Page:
Clearly this person had formed the view, at some time prior to the post in November 2007, that there was a climate crisis of some kind that required action. We can safely assume, I think, that she believed that anthropogenic emissions were causing dangerous climate change, and therefore such emissions must be reduced to "save the planet". In other words, she's a true believer. Her biography would tend to confirm this conclusion.
Today in the news, we read that Gergis' latest paper shows that the last 50 years warming are unprecedented in the last 1000, which, naturally, tends to support the notion of dangerous AGW which requires urgent action, thereby supporting the position she herself expressed back in 2007.
And it made me think: why is no-one complaining about this? Why is it OK for climate activists to be climate scientists? Why is it that association with an environmental advocacy group such as WWF or Greenpeace is perfectly acceptable for certain climate scientists currently working towards IPCC AR5, but association with an oil or energy company isn't? The hypocrisy and double standards are obvious, aren't they? Why is Big Green any better than Big Oil?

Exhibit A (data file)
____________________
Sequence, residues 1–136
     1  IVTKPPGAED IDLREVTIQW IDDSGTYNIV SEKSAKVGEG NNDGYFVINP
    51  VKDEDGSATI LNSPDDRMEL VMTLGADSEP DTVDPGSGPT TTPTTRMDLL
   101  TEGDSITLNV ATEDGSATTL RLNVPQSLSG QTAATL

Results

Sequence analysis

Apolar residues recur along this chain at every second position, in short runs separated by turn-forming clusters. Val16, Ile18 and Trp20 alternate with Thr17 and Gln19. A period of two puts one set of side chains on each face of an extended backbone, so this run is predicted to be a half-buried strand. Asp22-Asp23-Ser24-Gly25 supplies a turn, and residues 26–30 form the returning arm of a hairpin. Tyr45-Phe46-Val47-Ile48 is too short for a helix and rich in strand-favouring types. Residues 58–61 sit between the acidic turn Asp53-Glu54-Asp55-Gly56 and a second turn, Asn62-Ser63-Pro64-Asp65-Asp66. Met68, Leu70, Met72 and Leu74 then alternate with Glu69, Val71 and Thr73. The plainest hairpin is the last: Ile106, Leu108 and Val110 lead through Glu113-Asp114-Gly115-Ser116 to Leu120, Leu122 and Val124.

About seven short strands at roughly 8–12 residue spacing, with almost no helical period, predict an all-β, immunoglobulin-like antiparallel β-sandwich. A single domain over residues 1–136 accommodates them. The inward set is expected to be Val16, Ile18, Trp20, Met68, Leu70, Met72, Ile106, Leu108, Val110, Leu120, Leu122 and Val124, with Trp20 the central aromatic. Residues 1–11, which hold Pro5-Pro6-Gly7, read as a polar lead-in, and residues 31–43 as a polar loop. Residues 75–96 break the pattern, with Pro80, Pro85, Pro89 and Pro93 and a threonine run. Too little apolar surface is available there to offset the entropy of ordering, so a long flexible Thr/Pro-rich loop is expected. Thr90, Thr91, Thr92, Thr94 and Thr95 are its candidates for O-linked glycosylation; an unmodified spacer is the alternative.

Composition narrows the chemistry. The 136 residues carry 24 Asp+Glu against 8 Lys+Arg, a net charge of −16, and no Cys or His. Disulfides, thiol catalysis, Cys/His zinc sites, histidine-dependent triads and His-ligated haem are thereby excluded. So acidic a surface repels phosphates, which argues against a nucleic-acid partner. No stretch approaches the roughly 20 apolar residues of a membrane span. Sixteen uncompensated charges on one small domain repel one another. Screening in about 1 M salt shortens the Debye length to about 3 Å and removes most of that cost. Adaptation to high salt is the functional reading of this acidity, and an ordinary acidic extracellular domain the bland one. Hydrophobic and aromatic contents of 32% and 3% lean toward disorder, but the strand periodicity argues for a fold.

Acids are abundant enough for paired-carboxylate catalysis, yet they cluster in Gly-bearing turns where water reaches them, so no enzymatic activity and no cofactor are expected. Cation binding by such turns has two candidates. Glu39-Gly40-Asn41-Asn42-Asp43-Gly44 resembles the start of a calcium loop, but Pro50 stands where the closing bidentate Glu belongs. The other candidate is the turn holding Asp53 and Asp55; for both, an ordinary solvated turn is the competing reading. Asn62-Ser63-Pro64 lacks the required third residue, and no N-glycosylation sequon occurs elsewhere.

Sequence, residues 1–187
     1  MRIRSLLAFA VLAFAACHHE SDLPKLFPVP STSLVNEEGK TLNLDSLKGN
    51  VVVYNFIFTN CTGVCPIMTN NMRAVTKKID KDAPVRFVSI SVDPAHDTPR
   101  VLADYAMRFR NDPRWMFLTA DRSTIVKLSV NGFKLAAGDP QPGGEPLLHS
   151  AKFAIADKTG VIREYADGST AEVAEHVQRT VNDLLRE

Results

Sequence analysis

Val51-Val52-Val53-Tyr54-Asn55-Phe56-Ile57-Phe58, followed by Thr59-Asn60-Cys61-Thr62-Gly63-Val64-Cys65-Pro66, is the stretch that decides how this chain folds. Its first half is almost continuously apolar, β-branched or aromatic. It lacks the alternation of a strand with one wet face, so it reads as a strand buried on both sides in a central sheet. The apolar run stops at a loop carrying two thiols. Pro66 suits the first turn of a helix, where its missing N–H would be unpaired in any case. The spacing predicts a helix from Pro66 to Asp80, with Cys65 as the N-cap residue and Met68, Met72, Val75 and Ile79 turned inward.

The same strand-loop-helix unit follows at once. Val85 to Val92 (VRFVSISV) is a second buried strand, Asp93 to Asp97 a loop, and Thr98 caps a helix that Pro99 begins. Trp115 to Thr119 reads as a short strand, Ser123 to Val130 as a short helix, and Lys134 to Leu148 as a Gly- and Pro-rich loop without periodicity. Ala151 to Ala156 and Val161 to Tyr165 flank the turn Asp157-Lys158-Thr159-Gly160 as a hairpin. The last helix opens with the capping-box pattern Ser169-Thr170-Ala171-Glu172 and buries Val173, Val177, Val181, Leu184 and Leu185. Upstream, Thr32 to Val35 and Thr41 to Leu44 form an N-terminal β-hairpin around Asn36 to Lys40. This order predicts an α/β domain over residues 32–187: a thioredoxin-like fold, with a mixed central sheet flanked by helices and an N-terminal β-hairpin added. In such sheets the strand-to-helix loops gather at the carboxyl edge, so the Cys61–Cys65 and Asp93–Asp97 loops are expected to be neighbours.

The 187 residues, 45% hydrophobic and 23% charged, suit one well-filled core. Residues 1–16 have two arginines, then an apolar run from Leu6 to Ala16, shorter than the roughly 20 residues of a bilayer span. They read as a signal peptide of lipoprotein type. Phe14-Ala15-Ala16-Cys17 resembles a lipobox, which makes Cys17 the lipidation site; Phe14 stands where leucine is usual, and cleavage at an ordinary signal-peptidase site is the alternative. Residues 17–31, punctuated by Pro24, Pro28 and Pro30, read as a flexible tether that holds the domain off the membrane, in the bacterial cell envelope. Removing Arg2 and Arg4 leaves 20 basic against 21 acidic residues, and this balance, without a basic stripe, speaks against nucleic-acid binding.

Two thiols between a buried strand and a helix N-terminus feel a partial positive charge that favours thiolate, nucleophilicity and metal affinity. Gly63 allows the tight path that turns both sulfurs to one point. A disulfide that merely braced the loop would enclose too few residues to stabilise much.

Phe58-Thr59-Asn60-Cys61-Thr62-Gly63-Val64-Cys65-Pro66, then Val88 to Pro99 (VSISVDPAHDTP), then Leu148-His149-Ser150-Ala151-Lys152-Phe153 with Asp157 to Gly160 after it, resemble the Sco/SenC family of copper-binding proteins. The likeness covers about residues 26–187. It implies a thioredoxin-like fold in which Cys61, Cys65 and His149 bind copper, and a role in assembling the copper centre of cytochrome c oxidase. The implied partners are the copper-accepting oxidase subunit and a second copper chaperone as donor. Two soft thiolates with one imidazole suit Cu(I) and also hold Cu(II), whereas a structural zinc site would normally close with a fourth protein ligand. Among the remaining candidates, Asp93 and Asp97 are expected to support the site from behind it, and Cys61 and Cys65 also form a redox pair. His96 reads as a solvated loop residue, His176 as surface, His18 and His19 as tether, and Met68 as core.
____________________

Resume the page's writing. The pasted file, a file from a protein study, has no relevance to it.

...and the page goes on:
So the key question, which I do not pretend to have an answer to, is this: "Is the present cohort of emerging climate scientists a self-selecting set based on a pre-existing belief in the seriousness of man-made climate change?"
Or in other words, do those with a prior concern about AGW naturally gravitate towards careers in climate science or environmental studies, therefore leading to an unbalanced representation of the genuine spectrum of scientific perspectives on climate change? To put it another way, would a student without such a passion for "environmental causes" choose to enter that area of science? Would anyone other than such a person ever choose to become an environmental or climate scientist?